Paula Chamlee, photographer and painter, returned to college in the 1980s, majoring in the visual arts, to finish a degree she had begun in the 1960s in the performing arts. She earned a B.F.A. in painting in 1988. During this latter part of her college career, she discovered photography and quickly found direct involvement with the world outside the studio to be irresistible. In the thirty years since, she has traveled extensively, making photographs both in the United States and abroad. Chamlee has been the recipient of several grants, including a major grant from the Leeway Foundation for “Excellence in Photography.”

Her photographs have been widely exhibited in museums and galleries and are in numerous collections, both public and private in the United States and abroad. He work is collected in over thirty-five museums in the United States, including the Los Angeles County Museum of Art, Museum of Contemporary Art, San Diego, Cleveland Museum of Art, Museum of Fine Arts, Houston, Philadelphia Museum of Art, and Library of Congress. She has taught workshops in photography in the U. S., Austria, Germany, Tuscany, England, France, Iceland, and Australia.

Her first book, Natural Connections: Photographs by Paula Chamlee, consisting of photographs and writing about the natural landscape, was published in 1994 and established her reputation as a highly original artist working within the classical tradition of straight photography.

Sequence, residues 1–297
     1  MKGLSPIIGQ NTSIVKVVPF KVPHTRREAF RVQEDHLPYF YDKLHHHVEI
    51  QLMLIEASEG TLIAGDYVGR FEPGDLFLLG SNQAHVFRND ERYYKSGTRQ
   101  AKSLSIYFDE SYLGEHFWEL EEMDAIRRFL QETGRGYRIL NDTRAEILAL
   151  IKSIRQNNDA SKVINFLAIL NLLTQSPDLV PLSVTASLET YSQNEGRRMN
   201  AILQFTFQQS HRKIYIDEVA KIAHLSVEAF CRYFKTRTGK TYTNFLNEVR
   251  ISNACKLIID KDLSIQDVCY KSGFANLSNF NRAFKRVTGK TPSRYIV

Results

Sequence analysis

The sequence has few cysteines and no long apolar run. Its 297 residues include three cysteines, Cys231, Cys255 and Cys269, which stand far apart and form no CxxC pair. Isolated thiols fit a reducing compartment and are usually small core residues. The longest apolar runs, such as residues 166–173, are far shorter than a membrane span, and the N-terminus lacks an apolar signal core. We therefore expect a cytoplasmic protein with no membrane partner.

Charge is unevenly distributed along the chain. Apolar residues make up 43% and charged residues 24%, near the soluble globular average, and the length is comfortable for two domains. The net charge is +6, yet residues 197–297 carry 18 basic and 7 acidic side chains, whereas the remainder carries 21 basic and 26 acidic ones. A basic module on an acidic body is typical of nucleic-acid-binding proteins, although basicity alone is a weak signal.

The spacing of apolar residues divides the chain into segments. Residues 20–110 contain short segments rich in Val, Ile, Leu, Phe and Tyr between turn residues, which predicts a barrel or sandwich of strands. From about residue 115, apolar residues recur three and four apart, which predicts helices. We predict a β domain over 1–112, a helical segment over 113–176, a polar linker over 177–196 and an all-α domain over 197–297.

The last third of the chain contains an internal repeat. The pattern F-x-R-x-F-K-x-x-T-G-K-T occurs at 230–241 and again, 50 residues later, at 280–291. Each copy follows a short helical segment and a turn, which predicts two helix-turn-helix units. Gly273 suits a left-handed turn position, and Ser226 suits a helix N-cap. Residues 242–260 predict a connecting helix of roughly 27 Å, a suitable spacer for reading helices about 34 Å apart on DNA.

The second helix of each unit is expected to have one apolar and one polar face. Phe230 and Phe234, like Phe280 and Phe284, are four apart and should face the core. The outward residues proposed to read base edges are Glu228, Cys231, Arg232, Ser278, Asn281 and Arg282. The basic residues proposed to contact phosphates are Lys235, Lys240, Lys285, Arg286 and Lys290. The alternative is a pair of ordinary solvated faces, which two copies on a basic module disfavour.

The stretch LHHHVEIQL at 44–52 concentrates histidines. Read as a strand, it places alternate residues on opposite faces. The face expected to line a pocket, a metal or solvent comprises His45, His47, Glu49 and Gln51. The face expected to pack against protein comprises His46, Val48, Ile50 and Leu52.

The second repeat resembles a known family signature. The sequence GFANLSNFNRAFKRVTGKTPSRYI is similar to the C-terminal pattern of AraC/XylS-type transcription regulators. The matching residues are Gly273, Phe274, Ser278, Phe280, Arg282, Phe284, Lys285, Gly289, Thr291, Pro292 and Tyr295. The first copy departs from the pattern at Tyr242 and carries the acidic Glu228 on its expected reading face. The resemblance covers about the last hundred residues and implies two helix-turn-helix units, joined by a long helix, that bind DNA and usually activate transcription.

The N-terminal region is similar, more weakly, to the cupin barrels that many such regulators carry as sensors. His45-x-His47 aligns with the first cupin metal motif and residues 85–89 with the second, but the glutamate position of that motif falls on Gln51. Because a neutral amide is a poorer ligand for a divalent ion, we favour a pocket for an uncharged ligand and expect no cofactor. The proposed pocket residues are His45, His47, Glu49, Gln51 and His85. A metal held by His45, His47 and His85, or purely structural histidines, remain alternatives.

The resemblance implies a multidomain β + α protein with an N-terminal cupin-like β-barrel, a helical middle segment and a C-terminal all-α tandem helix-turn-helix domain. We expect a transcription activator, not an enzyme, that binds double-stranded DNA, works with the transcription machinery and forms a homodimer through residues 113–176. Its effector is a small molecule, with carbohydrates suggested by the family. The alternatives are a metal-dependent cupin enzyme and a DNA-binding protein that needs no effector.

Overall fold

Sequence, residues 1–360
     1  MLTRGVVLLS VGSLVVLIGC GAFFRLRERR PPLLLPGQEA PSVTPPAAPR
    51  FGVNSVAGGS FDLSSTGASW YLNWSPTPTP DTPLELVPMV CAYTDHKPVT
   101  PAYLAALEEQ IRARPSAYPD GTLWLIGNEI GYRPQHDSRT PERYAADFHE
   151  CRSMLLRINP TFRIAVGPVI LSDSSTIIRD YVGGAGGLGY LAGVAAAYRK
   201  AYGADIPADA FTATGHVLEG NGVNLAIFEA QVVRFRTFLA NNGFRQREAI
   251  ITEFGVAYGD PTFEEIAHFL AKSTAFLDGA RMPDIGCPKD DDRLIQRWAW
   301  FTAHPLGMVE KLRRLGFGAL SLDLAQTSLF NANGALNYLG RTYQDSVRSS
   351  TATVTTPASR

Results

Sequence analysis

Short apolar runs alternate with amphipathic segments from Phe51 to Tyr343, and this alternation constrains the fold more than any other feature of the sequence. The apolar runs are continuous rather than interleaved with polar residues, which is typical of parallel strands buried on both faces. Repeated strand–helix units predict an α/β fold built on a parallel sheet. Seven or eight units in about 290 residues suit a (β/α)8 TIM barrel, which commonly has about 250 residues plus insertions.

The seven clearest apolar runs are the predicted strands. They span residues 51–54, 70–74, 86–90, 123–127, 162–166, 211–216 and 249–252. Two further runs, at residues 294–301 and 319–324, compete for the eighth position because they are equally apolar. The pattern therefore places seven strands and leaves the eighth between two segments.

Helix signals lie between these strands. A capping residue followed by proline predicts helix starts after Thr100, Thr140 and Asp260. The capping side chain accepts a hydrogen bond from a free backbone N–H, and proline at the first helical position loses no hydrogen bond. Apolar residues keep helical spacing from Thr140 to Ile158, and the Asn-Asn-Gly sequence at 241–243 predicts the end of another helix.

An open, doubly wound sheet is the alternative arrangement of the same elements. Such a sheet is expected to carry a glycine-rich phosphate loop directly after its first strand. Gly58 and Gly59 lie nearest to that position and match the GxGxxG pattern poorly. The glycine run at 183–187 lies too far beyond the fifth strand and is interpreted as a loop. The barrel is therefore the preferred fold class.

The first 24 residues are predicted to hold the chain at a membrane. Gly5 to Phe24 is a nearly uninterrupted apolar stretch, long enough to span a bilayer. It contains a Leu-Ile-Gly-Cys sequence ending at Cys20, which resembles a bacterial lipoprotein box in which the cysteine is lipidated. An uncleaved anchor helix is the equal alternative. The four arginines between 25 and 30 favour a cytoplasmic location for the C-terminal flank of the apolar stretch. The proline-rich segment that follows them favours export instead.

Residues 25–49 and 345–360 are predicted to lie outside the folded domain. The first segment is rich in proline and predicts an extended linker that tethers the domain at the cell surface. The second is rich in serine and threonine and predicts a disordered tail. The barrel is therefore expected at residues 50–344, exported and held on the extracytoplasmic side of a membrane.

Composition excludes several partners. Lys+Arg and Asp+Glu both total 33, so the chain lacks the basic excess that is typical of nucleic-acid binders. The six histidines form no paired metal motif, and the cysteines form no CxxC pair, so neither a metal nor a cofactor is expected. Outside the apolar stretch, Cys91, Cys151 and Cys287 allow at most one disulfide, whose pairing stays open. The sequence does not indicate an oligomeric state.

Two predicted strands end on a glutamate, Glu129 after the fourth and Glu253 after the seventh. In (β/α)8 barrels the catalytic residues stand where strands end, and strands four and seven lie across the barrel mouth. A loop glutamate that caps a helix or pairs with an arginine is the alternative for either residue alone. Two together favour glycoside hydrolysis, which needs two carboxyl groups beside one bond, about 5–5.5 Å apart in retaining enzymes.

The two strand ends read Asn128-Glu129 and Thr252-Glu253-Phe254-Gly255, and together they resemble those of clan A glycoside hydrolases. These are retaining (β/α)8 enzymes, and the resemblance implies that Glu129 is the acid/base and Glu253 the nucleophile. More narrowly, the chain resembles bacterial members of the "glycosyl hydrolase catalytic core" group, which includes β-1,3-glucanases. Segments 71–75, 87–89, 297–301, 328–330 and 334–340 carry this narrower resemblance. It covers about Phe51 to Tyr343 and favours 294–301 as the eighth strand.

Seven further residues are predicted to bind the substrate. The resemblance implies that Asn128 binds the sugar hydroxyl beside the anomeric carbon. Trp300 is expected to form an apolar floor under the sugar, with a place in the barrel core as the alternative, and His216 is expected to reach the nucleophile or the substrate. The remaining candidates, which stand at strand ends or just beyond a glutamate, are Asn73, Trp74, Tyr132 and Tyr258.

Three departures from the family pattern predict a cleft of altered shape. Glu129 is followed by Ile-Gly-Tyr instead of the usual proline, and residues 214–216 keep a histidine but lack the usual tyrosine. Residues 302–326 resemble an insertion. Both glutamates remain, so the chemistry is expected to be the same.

In Chamlee’s second book, High Plains Farm, published in 1996, she looked to her roots and photographed and wrote about the farm where she grew up on the High Plains of the Texas Panhandle. One critic called High Plains Farm “one of the genuinely significant contributions to photography and landscape study in many a year,” while another described it as “epic in its vision and intimate in its humanity.”

Her third book, San Francisco: Twenty Corner Markets and One in the Middle of the Block, published in 1997, takes a look at the uniqueness of small, family-owned markets amidst the larger, faster-paced commerce of a big city.

In 2004 she published two books of photographs from Tuscany: Tuscany: Wandering the Back Roads—Volume I, with an essay by Robert Sobieszek, Curator of Photography at the Los Angeles County Museum of Art, and Madonnina with an essay by Steven Maklansky, Director of the Boca Raton Museum of Art.

In 2008 she was commissioned to photograph Chicago, and a book of her Chicago photographs, Chicago: Lake, was published in December of 2009.

Chamlee’s latest book, Iceland: A Personal View, Volume I, essay by Jens Rasmussen, Curator of Photography at the National Museum of Photography in Copenhagen, Denmark, is being published in spring of 2015.

In addition to her still photography, Chamlee made her first film, Flow, from footage made in Iceland in 2006 and 2010, and is currently working on new films from Iceland.

More recently Chamlee has returned to working in the studio, photographing still lifes in black and white and a series of flower arrangements, From the Field, in color. She has also been making works on paper with drawings, paintings, and collage.